Part A: What factors bring about change in modern societies? Discuss with reference to thinkers examined in Unit 2. • Part B: Might change in modern polities be justified by the social contract? Discuss with reference to thinkers examined in Unit 1.

Essay by genie1990 October 2014

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Part A

In this article, the concept of modern society is not as same as the contemporary society as we live now. The term of modern society here is used in a hypothetic way which emphasizing the transformation of the existing or current society. The focus of this essay is contrasting and critically examining the argued transformation factors by Karl Marx and Max Weber. The three main factors of transformation of the modern society are a change of legitimizing power and the class conflict.

There are two distinctive approaches of the explanation of the change of the societies by two thinkers. In Marx's political points of view, the beginning of social transformation comes with the alteration of the economic foundation which leads the entire change of the politics which is prescribed as superstructure by him (Marx 1859). Therefore in his conclusion it is impossible for superstructure to act as an independent variable, it always affects from its understructure.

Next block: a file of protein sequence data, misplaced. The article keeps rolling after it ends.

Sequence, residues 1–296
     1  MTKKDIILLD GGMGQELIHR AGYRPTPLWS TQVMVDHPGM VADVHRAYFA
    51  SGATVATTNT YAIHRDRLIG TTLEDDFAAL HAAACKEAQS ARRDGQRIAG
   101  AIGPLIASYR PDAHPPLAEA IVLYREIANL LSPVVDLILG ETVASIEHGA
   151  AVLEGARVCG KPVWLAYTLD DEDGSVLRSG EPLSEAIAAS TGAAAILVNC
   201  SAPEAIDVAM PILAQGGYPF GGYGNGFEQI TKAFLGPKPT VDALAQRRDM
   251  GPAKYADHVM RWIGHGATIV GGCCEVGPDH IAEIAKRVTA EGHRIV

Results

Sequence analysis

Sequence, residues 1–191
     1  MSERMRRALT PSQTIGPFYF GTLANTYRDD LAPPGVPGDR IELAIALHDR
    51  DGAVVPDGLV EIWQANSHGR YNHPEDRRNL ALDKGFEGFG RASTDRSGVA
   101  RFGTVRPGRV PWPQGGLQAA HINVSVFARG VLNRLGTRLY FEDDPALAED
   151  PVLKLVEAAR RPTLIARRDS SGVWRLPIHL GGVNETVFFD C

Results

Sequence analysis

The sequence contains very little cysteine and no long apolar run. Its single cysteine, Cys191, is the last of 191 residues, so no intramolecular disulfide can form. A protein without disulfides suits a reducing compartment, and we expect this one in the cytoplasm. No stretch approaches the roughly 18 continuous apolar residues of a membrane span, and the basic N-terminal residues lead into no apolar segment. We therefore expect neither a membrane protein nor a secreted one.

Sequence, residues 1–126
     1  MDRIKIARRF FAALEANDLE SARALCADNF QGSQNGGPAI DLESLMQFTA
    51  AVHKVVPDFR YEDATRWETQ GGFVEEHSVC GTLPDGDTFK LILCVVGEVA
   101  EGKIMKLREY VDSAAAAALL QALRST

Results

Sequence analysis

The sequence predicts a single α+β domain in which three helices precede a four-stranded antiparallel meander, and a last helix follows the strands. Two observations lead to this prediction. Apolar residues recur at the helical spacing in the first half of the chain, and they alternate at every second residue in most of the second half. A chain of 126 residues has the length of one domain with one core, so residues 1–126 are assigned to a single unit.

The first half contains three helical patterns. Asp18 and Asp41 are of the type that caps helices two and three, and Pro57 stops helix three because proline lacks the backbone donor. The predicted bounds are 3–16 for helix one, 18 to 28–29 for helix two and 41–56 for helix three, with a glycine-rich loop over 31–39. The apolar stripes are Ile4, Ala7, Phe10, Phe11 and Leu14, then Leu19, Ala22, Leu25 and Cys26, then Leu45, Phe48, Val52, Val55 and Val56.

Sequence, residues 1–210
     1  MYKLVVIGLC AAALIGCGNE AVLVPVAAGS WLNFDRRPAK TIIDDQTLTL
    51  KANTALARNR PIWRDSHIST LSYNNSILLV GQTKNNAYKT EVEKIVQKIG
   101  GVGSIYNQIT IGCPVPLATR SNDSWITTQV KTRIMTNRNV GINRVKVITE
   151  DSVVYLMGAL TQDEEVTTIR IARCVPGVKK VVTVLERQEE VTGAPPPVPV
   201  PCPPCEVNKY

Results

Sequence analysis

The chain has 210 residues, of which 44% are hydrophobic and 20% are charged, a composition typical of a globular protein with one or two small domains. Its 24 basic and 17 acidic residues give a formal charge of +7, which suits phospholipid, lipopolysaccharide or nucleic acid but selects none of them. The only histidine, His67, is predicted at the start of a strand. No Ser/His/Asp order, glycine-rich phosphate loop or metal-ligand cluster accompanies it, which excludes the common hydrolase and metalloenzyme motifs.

However, 'Weber sought to understand the transformation of society itself.'(Heywood 2007). According to Weber, the politic has its autonomous decisive factors to form a new society and it is also affected by not only economical foundation but also many other factors for instance religious, cultural, and legal factors. The society change which initiated from the economical foundation not always concluded as a change of the politics. Weber also describes three 'conceptual models (Heywood 2007)' of authority: traditional, charismatic, legal-rational authority. The traditional authority has a factor of obeying its custom. The succession of the crown was legitimized by the continuity of the existence of this tradition. One of the famous charismatic figures is Abraham Lincoln, the president of the United States, whom seized the political power through his personal ability. Weber states that in most modern societies...